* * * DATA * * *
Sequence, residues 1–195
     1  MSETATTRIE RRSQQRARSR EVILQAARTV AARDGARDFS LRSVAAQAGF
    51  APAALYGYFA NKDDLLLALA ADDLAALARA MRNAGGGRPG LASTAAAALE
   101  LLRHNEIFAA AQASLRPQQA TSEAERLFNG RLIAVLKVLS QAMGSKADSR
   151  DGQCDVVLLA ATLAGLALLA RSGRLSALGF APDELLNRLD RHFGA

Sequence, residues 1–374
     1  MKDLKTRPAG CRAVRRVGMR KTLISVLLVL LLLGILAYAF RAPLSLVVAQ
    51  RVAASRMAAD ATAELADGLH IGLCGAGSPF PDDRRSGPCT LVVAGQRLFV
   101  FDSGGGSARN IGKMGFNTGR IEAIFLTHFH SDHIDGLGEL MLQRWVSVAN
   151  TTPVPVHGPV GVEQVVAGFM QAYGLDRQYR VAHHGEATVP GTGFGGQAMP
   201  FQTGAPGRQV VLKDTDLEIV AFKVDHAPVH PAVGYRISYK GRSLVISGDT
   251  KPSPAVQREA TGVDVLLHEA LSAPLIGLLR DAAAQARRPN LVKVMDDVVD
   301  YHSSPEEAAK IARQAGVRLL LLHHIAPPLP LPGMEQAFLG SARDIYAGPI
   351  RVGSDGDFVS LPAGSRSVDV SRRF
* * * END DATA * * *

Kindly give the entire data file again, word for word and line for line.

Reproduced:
Sequence, residues 1–195
     1  MSETATTRIE RRSQQRARSR EVILQAARTV AARDGARDFS LRSVAAQAGF
    51  APAALYGYFA NKDDLLLALA ADDLAALARA MRNAGGGRPG LASTAAAALE
   101  LLRHNEIFAA AQASLRPQQA TSEAERLFNG RLIAVLKVLS QAMGSKADSR
   151  DGQCDVVLLA ATLAGLALLA RSGRLSALGF APDELLNRLD RHFGA

Sequence, residues 1–374
     1  MKDLKTRPAG CRAVRRVGMR KTLISVLLVL LLLGILAYAF RAPLSLVVAQ
    51  RVAASRMAAD ATAELADGLH IGLCGAGSPF PDDRRSGPCT LVVAGQRLFV
   101  FDSGGGSARN IGKMGFNTGR IEAIFLTHFH SDHIDGLGEL MLQRWVSVAN
   151  TTPVPVHGPV GVEQVVAGFM QAYGLDRQYR VAHHGEATVP GTGFGGQAMP
   201  FQTGAPGRQV VLKDTDLEIV AFKVDHAPVH PAVGYRISYK GRSLVISGDT
   251  KPSPAVQREA TGVDVLLHEA LSAPLIGLLR DAAAQARRPN LVKVMDDVVD
   301  YHSSPEEAAK IARQAGVRLL LLHHIAPPLP LPGMEQAFLG SARDIYAGPI
   351  RVGSDGDFVS LPAGSRSVDV SRRF